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Florida teen who stood up for gay student suspended for 10 days

A Florida high school footballer who jumped in to protect a gay student who was being bullied has been suspended for 10 days even though the bully has been charged by police with battery
Mark Betterson
Photo by Fox4

A Florida high school student has been suspended for 10 days for protecting a gay student from a bully who was attacking him.

Mark Betterson was suspended under East Lee County High School’s mandatory suspension policy for anyone involved in a fight despite the fact he was stepping in to protect openly gay Jonathan Colon from being assaulted by 18-year-old James Griffin – another student at the school.

Griffin called Colon a series of anti-gay slurs and threw a carton of milk in his face before punching him in the head and the back of the head in the incident on Thursday.

That’s when Betterson, decided he needed to step in and do something.

‘If I didn’t jump into it, it would have got serious,’ Betterson told WFTX Fox4, ‘It would have been worse than what he got.’

‘Jonathan was just going to stand there and get beat up … if I didn’t jump into it.

‘I was just trying to break up the whole thing because its not fair for somebody to get beat up for something that he is. That’s not really called for.’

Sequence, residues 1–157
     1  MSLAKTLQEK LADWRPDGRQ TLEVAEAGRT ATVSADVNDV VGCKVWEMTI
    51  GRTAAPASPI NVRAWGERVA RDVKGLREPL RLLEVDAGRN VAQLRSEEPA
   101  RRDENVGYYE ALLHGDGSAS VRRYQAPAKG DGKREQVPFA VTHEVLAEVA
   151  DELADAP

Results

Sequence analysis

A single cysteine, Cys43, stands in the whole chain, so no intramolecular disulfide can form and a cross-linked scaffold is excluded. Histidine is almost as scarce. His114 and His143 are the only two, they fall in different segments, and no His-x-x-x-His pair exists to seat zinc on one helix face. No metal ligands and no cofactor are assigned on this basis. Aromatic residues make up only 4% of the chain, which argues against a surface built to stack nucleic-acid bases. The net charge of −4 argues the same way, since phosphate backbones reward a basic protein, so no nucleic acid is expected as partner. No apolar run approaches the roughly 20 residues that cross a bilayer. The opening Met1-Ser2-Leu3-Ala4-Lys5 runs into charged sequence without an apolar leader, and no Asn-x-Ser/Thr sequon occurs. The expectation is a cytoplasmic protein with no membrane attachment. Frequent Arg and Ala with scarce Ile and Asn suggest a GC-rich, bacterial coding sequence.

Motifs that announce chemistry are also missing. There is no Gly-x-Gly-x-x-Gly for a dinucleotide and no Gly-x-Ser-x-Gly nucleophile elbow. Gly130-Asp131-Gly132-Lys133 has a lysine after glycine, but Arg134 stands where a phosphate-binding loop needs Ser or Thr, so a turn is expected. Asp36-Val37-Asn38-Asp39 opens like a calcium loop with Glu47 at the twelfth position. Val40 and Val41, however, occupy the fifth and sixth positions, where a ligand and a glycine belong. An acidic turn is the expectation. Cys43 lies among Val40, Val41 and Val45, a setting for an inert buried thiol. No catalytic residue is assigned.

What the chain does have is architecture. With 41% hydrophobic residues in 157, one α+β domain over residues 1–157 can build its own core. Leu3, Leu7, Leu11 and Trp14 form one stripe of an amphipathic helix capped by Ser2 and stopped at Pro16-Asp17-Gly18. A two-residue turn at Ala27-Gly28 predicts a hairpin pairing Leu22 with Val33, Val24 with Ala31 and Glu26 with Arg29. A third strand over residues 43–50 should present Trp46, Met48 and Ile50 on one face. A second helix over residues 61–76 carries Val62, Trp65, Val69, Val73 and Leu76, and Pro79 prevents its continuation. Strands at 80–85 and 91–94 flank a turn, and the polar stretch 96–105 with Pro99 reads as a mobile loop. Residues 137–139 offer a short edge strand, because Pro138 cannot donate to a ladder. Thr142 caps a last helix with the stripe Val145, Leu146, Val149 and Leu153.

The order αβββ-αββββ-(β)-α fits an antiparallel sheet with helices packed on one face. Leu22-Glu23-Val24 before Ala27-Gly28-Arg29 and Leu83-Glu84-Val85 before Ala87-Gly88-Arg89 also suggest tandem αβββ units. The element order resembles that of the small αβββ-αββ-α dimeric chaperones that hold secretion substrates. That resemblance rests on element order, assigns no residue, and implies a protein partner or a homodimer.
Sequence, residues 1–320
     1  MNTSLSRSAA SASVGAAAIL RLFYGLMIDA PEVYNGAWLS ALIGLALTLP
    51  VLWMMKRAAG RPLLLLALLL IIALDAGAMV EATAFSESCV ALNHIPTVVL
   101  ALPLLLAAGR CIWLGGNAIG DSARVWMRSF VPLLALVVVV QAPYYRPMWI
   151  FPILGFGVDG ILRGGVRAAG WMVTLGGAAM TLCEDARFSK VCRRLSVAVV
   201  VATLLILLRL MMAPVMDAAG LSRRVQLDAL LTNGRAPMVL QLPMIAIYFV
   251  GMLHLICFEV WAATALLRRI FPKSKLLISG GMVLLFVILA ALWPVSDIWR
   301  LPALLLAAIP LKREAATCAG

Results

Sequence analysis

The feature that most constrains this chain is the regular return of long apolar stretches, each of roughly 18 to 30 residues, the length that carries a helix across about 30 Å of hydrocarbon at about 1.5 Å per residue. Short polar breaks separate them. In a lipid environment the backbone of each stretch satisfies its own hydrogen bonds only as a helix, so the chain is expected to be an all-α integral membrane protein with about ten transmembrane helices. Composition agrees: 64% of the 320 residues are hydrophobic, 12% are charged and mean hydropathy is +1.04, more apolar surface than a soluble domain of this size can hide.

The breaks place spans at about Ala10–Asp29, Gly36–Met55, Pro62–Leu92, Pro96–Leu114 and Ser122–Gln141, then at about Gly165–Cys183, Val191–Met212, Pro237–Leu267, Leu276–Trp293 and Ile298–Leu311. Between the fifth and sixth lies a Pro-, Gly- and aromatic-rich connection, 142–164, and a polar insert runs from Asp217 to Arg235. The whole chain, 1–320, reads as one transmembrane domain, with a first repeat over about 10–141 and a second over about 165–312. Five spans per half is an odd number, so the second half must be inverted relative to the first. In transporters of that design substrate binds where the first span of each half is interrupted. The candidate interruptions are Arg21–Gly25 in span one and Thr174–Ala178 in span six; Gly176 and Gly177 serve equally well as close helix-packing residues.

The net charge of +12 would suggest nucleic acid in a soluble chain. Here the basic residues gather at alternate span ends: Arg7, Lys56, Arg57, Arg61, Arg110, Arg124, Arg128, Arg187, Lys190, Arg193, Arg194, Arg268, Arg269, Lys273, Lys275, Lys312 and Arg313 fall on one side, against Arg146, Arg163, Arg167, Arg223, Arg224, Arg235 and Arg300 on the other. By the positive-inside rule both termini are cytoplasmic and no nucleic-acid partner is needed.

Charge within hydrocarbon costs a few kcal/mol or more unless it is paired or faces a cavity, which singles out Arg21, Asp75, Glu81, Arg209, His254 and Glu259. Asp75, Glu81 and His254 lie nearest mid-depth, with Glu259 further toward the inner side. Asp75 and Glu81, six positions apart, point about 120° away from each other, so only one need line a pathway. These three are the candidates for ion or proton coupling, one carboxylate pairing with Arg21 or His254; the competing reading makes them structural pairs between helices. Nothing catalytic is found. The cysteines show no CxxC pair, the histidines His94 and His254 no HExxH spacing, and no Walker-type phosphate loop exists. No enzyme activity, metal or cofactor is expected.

Betterson said he had only gotten physical when Griffin had begun throwing punches at him too.

‘He swung at me and was like you can get it too so we got into a fight,’ Betterson said.

Betterson said he understood the school’s policy but thought that 10 days suspension was unfair when all he was trying to was protect another student.

‘I understand [it's] because how the school policy is, but to be suspended for 10 days, I don’t understand. I’m not going to stand there and watch somebody get bullied.’

Betterson said, despite his suspension, he wouldn’t hesitate to intervene to protect someone from bullying again.

Betterson is on East Lee County High School’s football team and Colon and he were not previously friends.

Colon told WINK News that he was blown away by Betterson’s actions and organized a protest at the school in support of him.

‘I was protected by someone who had no reason to protect me,’ Colon said.

We have nothing in common – he’s on the football team and I’m the flamboyant gay boy.'

Betterson is appealing the length of his suspension.

Police charged Griffin with battery after reviewing security camera footage of the incident.